Pretending to be a Peer? The unlikely Lord Griffin and the Convention of January 1689

In today’s blog Dr Robin Eagles, editor of our Lords 1715-1790 project, looks into the case of Edward Griffin, a man raised to the peerage in December 1688. But, in the face of James II’s decision to flee the country, was he actually allowed to sit in the Lords Chamber? Griffin is profiled in more detail in our House of Lords 1660-1715 volumes. Published in … Continue reading Pretending to be a Peer? The unlikely Lord Griffin and the Convention of January 1689

The Politics of Business and the Business of Politics: Messrs Watney and Powell and the Emergence of the Consultant Lobbyist in Britain, 1911-1993

Ahead of next Tuesday’s Virtual IHR Parliaments, Politics and People seminar, we hear from Dr Mark Roodhouse of the University of York. On 25 January 2022, between 5.15 p.m. and 6.30 p.m., Mark will be responding to your questions about his pre-circulated paper on Charles Watney and the emergence of the consultant lobbyist in Britain during the twentieth century. Details of how to join the … Continue reading The Politics of Business and the Business of Politics: Messrs Watney and Powell and the Emergence of the Consultant Lobbyist in Britain, 1911-1993

1421: a troubled royal Christmas

As the festive season draws to a close and a New Year commences, in today’s blog Dr Hannes Kleineke, editor of our Commons 1461-1504 section, looks back at the news met by Henry V during the Christmas of 1421-2. King Henry V spent the Christmas season of 1421-2 in France, as he had done for every one of the preceding four Christmases. It had been … Continue reading 1421: a troubled royal Christmas

Review of the Year 2021

Despite everything that was thrown at us this year, 2021 was as busy as ever for the History of Parliament! With online outreach, multiple events, and even an in-person celebration or two, here’s Connie Jeffery with a round-up of 2021 at the HPT… 2021 began with the long-anticipated publication of our House of Lords 1604-29 volumes, edited by Dr Andrew Thrush. Based on detailed manuscript … Continue reading Review of the Year 2021

Top of the Blogs 2021

Those of you who follow us on Twitter will be familiar with our regular Friday feature: #TopOfTheBlogs. As the title suggests, this is our weekly countdown of our most popular blogs from the past week. But as 2021 draws to a close, on our blog today we’re counting down not just the top blogs from the last seven days, but from the last twelve months! … Continue reading Top of the Blogs 2021

Speaking about Animal Rights in the History of Parliament Oral History Project

As two animal welfare Bills progress through the stages of debate in Parliament, in our latest blog Emme Ledgerwood looks through our Oral History Project archive to explore former MPs’ responses to animal rights issues during their careers… The Animal Welfare (Kept Animals) Bill and the Animal Welfare (Sentience) Bill are currently making their way through Parliament, the latest additions to the UK legislation which … Continue reading Speaking about Animal Rights in the History of Parliament Oral History Project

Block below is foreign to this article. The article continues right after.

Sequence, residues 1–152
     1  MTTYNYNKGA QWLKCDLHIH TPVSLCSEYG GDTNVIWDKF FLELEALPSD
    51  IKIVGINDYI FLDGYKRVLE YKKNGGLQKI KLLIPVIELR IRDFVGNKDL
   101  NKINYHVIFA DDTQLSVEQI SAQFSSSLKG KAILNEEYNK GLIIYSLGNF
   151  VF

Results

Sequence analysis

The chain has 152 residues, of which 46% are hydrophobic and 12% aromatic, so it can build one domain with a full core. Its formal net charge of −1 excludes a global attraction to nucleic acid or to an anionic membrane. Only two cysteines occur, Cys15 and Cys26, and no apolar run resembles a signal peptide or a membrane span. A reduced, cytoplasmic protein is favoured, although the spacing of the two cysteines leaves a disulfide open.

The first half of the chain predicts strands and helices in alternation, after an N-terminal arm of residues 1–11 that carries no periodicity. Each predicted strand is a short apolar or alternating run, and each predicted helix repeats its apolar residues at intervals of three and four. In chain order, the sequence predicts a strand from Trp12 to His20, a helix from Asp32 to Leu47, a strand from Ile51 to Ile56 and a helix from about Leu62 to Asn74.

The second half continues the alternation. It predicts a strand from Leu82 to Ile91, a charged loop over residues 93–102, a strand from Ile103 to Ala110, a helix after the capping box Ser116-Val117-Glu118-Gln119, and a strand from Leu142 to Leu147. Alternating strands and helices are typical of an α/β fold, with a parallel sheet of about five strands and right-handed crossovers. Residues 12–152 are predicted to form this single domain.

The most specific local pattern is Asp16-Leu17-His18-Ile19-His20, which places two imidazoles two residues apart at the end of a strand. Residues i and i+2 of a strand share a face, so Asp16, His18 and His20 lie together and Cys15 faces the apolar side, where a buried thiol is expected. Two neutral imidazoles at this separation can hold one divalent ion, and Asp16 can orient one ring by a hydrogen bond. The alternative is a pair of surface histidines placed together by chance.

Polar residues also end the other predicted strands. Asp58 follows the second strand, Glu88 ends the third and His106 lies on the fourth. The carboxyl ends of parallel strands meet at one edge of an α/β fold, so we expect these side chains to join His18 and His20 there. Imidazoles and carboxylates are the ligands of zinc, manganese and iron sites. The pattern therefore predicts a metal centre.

Plots, petitions, prelates and popery: Parliament and the ‘tumults’ of December 1641

December 1641 was a month of high tension in Parliament, as Dr Vivienne Larminie from our Commons 1640-1660 project explores… It was after fierce debate that on 9 December 1641 MPs expelled three of their number from Parliament. After months of leaks, rumours and investigations, the Commons finally resolved that Henry Wilmot, William Ashbournham and Sir Hugh Pollarde stood accused of misprision of treason, a … Continue reading Plots, petitions, prelates and popery: Parliament and the ‘tumults’ of December 1641

The Murder of Sir Thomas Overbury, 1613

On our blog today Dr Andrew Thrush, editor of our House of Lords 1558-1603 project, takes a look at an infamous murder that took place in 1613, and asks why foul play wasn’t suspected until two years later… In the early hours of the morning of 15 September 1613, Sir Thomas Overbury, the former friend and mentor of the royal favourite Robert Carr, Viscount Rochester, … Continue reading The Murder of Sir Thomas Overbury, 1613

Prorogation Tide: Elizabeth I and the Parliament of 1572-81

In the sixteenth century, parliaments were not only summoned but also prorogued at the behest of the monarch. In this blog, Dr Andrew Thrush, editor of our Lords 1558-1603 project, discusses an exceptionally large but often overlooked number of prorogations that took place during the mid-Elizabethan period… Before the Long Parliament of 1640-53, the Parliament of 1572-81 bore the distinction of being the longest in … Continue reading Prorogation Tide: Elizabeth I and the Parliament of 1572-81

The History of Parliament Trust and St James’s House: Publication Collaborations

On 22nd September we, the History of Parliament Trust, came together with St James’s House to celebrate the publication of our latest collaboration: 300 Years of Leadership and Innovation. The publication, released to mark the 300th anniversary of Sir Robert Walpole becoming the first so-called Prime Minister, celebrates leadership across the full spectrum of British society: from Parliament and Crown to captains of industry and innovation. Volume … Continue reading The History of Parliament Trust and St James’s House: Publication Collaborations